instructional strengths & needs. The IEP must
include measurable annual goals and short term
objectives or benchmarks; services to be
provided; responsible parties; & where services
will be provided (placement). When parental
consent is granted, the IEP is implemented as
soon as possible following the IEP meeting and
within 90 calendar days of the school’s receipt
of parental consent for the first evaluation.
Child’s
For every For every
strengths identified identified
need:
& needs
need:
Annual
Goal &
shortterm
benchmarks
Services
to be
provided
to reach
goal: service,
who provides,
frequency,
duration, group
size
Placement:
where will
services be
provided
Ongoing
monitoring
& report
to parents
Least
restrictive
environment
; interact
with nondisabled
peers
How will
progress be
measured;
participation
in tests w/
accommodations; report
to parents
IEP Development
The IEP includes:
-How the child will learn the core curriculum
content standards (CCCS)
-How the child will be assessed (tested) on state
and district-wide assessments
-How the child will be educated in the “least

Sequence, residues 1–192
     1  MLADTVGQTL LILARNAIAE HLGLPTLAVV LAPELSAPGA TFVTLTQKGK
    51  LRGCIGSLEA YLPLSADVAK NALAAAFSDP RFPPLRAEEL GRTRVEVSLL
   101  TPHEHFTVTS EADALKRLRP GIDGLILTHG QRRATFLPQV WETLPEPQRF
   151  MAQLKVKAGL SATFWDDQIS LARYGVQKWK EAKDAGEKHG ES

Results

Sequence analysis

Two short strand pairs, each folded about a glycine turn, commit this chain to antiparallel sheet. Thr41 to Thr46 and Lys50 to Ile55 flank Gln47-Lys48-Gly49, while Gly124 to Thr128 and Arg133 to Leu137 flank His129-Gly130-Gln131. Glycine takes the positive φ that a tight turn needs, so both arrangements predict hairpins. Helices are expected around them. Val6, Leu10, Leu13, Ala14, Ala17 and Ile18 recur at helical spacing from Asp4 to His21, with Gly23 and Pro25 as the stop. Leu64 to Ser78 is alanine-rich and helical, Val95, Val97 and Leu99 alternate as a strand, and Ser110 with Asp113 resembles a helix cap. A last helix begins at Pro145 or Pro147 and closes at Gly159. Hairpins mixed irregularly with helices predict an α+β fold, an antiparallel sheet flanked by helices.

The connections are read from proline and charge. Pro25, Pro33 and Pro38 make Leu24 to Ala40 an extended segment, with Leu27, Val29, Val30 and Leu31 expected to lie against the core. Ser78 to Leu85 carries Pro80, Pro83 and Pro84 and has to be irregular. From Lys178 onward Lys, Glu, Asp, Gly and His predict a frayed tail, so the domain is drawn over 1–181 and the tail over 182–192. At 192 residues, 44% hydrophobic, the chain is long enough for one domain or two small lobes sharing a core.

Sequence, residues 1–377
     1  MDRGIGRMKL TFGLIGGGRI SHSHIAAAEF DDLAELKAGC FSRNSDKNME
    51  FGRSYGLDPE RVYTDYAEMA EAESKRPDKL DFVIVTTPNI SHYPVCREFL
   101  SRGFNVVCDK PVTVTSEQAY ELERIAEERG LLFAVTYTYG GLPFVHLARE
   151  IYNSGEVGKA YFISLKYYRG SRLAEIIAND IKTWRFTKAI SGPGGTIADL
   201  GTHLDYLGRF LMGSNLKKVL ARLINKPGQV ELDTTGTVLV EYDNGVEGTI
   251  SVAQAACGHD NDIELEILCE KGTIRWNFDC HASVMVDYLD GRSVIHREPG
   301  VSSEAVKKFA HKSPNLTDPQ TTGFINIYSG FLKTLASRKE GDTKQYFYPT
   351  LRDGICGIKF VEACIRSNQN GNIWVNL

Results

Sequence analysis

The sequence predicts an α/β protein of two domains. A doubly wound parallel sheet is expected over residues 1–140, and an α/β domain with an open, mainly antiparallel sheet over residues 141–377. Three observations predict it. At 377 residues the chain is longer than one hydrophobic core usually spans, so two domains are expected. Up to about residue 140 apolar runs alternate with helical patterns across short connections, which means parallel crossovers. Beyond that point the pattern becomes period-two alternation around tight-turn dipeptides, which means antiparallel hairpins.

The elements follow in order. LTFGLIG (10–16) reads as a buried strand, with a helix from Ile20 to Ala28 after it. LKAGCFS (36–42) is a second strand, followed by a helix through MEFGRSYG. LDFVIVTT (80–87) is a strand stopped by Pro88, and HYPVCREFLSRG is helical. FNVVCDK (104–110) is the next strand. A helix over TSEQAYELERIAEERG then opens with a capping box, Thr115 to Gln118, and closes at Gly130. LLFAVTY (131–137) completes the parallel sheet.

restrictive environment” with opportunities to
interact with non-disabled peers
-How the child will receive positive behavior
supports to address challenging behaviors
-How the parent will receive information about
their child’s progress toward CCCS & goals
IEP Development
. For resources on creating meaningful IEP's see
Tools for Teachers at
http://www.njddc.org/tools-teachers.pdf or
contact the NJ Council on Developmental
Disabilities at 609-292-3745.
Accessing Special Ed
To the maximum extent appropriate,
preschoolers and students with disabilities are
educated with their typically developing peers.
Placement in a typical classroom is the first
consideration. For a preschool child this may be
a school district general education preschool
program or a nonsectarian early childhood
preschool/child care program licensed or
approved by a government agency. For further
information: http://www.nj.gov/njded/specialed
Annual review
. Annually, or more often if necessary, the IEP
team will meet to review and revise the IEP and
determine placement. A parent or teacher may
request a review of the IEP whenever they feel
it is needed or appropriate.
Re-evaluation
. A child must be re-evaluated every three years,
or sooner if conditions warrant, or if the parent
or the child's teacher requests it. Reevaluation
is conducted when a change in eligibility is being
considered. Parental consent is required for reevaluation.